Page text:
- Case summary
division of matrimonial property - open-ended order of the court a quo – necessity in order for division of matrimonial property for final date for operation of orders
IN THE COURT OF APPEAL OF SEYCHELLES
(26 April 2023)
SCA 8/2021 and SCA 9/2021
(Arising in MA 176/2019 out of DC 134/2018)
SAMUEL LAU-TEE Appellant
(rep. by Serge Rouillon)
VIRGINIA HOAREAU (born HOAREAU) Respondent
(rep. by France Bonté)
VIRGINIA HOAREAU (born HOAREAU) Cross-Appellant
(rep. by France Bonté)
(rep. by Serge Rouillon) Cross-Respondent
Neutral Citation Lau-Tee v Lau-Tee (SCA 11/21 & 14/21  SCCA 19 (26 April 2023)
(Arising in MA 176/2019 out of DC 134/2018)  SCSC 26
Before: Twomey-Woods, Tibatemwa-Ekirikubinza, André JJA
Summary: division of matrimonial property - open-ended order of the court a quo – necessity in order for division of matrimonial property for final date for operation of orders
Heard: 14 April 2023
Delivered: 26 April 2023
DR. M. TWOMEY-WOODS JA
(Tibatemwa-Ekirikubinza and André JJA concurring)
The appeal before this court concerns a dispute pertaining to the distribution of matrimonial property (Title S5256) belonging to Samuel and Virginia Lau-Tee after their divorce. At the time the matter was heard, the matrimonial home had been sold to the Seychelles Civil Aviation Authority, although the transfer document still needed to be executed. Mr. Lau-Tee claimed a share in the sale proceeds while Mrs. Lau-Tee prayed for a declaration of full ownership of the matrimonial home in her favour. It bears mentioning that the property was and remained in the sole name of Virginia Lau-Tee.
It also bears mentioning that monies owed to Mrs. Lau Tee’s mother (as her share in the suit property) and the agent (who facilitated the sale of the property) have been paid.
Order of the court a quo
After hearing the matter and noting deductions from the proceeds to be paid to the various persons as stated above, the court a quo made no formal orders but ruled as follows:
“… , I consider a share of 40% to the Respondent (Samuel Lau-Tee) and a share of 60% to the Petitioner (Virginia Lau-Tee)…The parties have Seychelles Rupees five million seven hundred and twenty-two thousand and six hundred and sixty-three (SR5,722,663.00) to be distributed between them. Therefore, the Petitioner will be entitled to Seychelles Rupees three million four hundred and thirty-three thousand and five hundred and ninety-seven and cents eighty (SR3, 433,587.80) and the Respondent to Seychelles Rupees two million two hundred and eighty-nine thousand and sixty-five hundred (sic) and twenty cents (SR2, 289,065.20).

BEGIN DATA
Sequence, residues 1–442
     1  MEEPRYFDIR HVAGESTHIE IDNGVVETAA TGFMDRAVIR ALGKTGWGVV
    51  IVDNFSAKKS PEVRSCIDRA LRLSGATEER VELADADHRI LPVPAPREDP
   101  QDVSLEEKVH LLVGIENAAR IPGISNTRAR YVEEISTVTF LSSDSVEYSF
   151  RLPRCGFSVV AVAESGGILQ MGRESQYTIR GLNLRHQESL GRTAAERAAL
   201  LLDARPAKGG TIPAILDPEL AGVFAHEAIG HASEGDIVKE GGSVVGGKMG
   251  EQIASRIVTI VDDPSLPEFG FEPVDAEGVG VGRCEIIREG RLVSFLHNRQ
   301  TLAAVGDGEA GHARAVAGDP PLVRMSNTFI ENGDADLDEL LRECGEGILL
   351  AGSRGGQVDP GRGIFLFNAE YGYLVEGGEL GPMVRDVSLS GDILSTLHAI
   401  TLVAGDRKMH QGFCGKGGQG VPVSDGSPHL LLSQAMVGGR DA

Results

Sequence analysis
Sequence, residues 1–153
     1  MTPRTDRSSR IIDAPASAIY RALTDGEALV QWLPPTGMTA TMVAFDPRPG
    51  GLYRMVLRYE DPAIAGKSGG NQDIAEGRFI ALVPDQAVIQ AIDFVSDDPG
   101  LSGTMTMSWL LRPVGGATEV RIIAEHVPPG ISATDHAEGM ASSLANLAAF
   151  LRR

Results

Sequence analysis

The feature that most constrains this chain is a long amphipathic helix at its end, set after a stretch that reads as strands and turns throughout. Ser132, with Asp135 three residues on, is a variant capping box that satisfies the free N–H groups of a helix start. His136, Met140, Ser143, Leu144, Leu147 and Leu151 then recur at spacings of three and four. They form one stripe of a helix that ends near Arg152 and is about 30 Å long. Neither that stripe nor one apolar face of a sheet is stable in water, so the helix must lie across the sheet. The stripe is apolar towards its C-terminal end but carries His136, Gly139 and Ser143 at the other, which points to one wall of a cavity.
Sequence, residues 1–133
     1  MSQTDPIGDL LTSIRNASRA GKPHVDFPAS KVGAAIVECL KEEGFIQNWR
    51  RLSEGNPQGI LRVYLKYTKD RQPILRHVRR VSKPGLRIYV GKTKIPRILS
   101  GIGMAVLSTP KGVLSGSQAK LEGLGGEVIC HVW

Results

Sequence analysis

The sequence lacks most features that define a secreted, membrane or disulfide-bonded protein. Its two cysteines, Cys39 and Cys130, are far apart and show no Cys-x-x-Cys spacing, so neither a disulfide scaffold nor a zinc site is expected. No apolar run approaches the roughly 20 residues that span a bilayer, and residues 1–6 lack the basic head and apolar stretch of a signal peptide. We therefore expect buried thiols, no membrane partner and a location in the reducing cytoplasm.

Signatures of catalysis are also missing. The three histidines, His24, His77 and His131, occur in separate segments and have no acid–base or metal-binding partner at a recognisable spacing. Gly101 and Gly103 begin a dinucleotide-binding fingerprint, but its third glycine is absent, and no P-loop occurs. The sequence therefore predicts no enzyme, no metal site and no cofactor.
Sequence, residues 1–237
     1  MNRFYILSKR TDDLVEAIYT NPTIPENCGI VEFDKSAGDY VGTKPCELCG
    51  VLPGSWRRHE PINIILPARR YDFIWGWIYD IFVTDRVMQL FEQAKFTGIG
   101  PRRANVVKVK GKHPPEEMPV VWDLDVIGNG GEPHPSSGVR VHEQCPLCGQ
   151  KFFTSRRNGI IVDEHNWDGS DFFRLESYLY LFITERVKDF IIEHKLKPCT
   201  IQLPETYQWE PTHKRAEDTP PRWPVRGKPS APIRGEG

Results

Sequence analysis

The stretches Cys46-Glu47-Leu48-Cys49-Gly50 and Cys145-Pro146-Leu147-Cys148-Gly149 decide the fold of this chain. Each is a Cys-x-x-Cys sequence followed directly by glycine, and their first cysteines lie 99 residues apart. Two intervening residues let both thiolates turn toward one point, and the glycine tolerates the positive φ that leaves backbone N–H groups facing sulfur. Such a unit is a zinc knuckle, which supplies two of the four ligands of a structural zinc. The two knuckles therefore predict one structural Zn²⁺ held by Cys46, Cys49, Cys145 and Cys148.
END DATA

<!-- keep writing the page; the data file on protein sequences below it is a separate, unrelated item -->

Each party shall bear its own costs.
The appeal before this court
It is from this decision that both parties have appealed. Mr. Lau-Tee’s grounds of appeal and submissions are to the effect that Mr. Lau-Tee “is left with an empty judgment as the trial judge has set no limits on the methods of satisfaction of the final judgment by the parties towards each other….” Mrs. Lau-Tee has sought a reallocation of the shares in the matrimonial property by this Court.
At the appeal hearing, both parties abandoned their grounds of appeal, conceding that a final date for the transfer of the proceeds of the sale of the matrimonial ought to be inserted in the orders made by the trial court. Counsel for Mrs. Lau Tee has assured this Court that he has no objection to the execution of any court order and that “the money is there”.
We have scrutinised the decision of the court a quo and closely examined the “orders” made by the trial judge as set out in paragraph 3 above. We agree that the order relating to the parties’ respective shares is ineffectual.
It cannot be gainsaid that parties to a dispute who litigate before the courts have an unenumerated constitutional right to an effective remedy as a corollary to the constitutional right to a fair hearing. Every litigation must end, and open-ended orders do not facilitate this process. They also do not permit judgments to be executed, depriving successful litigants of the fruits of their judgment.
We are informed by the parties that there is a pending case between the Seychelles Civil Aviation Authority and Mrs. Lau Tee in which the former claims the legal transfer of the property title, for which they have paid consideration in full. The proceedings reveal that an order of inhibition against the transfer of Title S5256 subsists – presumably until the determination of the present appeal.
Our decision and order
In the circumstances, we accede to the prayers of both parties in this appeal and quash the order of the court a quo and substitute the following orders instead:
The parties are entitled to the following shares in the proceeds of the sale of the matrimonial home: 60% to Virginia Lau-Tee in the sum of Seychelles Rupees three million, four hundred and thirty-three thousand, five hundred and eighty-seven and eighty cents (SR3, 433,587.80) and 40% to Samuel Lau-Tee in the sum of Seychelles Rupees two million two hundred and eighty-nine thousand and sixty-five and twenty cents (SR2, 289,065.20).
Virginia Lau-Tee is given three months from the date of this judgment to pay Samuel Lau-Tee his share, failing which Samuel Lau-Tee shall subsequently have three months to pay Virginia Lau-Tee her share.
If either party is unable to pay the other, the matrimonial home, the subject matter of the award, shall be sold to the highest bidder by public auction, and the proceeds of the sale shall be shared sixty: forty (60:40) as set out above.
Each party is to bear its costs.
Signed, dated and delivered at Ile du Port on 26 April 2023.
Dr. M. Twomey-Woods, JA.
I concur ________________
I concur ________________
S. André, JA